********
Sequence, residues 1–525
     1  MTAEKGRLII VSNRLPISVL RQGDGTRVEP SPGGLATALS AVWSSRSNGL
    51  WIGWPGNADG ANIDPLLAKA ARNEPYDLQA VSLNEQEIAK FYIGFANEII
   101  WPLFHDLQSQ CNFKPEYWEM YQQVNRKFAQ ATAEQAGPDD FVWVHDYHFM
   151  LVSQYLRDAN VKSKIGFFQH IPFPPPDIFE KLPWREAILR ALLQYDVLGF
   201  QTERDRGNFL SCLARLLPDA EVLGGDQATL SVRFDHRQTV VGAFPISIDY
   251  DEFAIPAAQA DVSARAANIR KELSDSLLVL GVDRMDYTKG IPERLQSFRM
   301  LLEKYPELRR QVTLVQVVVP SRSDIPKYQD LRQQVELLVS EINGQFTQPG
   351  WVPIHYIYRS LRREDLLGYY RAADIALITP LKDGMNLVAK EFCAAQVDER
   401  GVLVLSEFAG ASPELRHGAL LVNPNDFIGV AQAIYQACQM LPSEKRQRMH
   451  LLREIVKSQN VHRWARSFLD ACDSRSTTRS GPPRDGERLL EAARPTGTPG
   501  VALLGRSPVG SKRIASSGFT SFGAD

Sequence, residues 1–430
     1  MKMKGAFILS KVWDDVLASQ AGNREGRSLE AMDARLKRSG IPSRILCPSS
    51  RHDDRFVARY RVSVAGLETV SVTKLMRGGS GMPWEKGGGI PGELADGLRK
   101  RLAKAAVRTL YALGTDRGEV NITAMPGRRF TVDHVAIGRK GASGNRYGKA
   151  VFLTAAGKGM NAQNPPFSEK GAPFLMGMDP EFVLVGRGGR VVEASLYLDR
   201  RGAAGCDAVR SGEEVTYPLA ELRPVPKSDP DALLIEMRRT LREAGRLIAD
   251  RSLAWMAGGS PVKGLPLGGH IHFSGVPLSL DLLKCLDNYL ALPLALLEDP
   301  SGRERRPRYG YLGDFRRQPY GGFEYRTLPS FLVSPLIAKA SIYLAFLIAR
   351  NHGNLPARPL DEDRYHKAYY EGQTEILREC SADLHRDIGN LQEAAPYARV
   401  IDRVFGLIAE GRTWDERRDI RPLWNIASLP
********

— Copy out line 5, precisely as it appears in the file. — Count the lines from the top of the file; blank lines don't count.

   151  LVSQYLRDAN VKSKIGFFQH IPFPPPDIFE KLPWREAILR ALLQYDVLGF